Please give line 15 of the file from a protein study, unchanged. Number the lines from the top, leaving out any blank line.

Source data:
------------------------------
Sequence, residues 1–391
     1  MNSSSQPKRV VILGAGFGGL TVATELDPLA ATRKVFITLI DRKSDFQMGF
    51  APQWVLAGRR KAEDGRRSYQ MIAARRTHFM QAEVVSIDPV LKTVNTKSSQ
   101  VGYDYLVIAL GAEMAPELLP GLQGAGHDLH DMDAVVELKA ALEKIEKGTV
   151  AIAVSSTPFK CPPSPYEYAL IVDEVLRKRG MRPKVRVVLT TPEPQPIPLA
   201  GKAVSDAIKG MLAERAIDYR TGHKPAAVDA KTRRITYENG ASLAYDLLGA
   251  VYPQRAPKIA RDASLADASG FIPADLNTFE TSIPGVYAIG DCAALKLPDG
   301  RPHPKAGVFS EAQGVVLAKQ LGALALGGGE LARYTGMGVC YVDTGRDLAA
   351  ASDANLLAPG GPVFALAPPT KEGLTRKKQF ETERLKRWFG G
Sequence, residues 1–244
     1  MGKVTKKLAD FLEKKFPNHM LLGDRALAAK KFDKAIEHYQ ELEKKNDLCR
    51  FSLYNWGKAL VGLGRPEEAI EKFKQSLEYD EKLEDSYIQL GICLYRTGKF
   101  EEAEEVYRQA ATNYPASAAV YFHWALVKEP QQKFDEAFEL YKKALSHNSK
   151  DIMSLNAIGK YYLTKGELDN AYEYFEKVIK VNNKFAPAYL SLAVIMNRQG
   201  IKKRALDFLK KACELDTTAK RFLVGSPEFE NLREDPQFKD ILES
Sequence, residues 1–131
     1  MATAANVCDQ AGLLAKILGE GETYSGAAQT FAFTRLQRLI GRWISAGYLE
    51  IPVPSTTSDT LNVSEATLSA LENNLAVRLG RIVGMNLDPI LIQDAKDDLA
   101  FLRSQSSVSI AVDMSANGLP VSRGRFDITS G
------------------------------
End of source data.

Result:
   201  IKKRALDFLK KACELDTTAK RFLVGSPEFE NLREDPQFKD ILES